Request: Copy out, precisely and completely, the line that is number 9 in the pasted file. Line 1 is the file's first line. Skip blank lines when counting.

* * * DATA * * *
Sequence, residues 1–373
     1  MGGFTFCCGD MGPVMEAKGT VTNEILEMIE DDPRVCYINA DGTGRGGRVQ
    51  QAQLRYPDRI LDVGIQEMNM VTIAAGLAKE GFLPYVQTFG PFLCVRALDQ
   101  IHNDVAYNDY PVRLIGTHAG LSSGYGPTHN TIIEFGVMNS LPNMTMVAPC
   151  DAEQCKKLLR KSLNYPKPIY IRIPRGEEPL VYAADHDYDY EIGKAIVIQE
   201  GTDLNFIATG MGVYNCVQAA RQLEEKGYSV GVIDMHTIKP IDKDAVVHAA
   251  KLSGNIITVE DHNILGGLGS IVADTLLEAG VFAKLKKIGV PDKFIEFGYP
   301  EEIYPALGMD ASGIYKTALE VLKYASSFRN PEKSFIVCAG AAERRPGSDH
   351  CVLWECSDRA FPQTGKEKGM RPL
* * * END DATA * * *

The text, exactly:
   351  CVLWECSDRA FPQTGKEKGM RPL